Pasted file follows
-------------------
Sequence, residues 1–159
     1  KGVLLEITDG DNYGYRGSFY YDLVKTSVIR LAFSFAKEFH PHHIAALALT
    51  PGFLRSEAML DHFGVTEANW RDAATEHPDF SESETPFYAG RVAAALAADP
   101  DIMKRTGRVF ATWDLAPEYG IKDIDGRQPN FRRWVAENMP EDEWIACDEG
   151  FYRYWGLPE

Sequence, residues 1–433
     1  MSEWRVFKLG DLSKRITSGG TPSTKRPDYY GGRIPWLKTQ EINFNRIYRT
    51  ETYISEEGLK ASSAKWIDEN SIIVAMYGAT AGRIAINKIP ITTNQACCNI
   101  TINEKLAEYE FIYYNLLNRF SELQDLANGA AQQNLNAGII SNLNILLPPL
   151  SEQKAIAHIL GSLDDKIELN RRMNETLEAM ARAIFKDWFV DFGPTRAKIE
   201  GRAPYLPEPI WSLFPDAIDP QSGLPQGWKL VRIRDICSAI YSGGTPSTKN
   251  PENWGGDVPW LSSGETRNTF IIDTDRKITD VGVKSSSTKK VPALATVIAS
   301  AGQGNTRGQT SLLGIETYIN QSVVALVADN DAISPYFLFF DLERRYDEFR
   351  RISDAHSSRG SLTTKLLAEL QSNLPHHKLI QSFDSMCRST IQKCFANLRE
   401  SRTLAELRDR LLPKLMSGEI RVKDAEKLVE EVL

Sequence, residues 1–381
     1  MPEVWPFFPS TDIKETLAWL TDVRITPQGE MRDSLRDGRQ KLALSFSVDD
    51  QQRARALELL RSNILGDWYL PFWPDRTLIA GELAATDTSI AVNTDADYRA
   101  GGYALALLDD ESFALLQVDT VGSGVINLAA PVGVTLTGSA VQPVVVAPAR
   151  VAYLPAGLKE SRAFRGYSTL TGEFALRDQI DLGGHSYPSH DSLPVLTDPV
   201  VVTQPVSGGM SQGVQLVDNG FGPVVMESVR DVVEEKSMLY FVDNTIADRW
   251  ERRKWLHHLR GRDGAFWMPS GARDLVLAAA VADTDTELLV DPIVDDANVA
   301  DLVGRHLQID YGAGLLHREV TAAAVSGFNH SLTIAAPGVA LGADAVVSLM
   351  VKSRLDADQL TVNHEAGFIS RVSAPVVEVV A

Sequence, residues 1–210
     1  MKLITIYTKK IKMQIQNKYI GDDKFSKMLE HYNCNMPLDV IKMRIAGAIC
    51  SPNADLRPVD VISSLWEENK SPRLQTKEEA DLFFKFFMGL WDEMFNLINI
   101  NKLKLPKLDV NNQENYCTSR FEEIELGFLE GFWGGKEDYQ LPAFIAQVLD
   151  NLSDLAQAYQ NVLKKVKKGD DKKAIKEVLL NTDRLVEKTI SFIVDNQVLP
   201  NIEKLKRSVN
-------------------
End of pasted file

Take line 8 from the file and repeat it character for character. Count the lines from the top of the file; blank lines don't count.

    51  ETYISEEGLK ASSAKWIDEN SIIVAMYGAT AGRIAINKIP ITTNQACCNI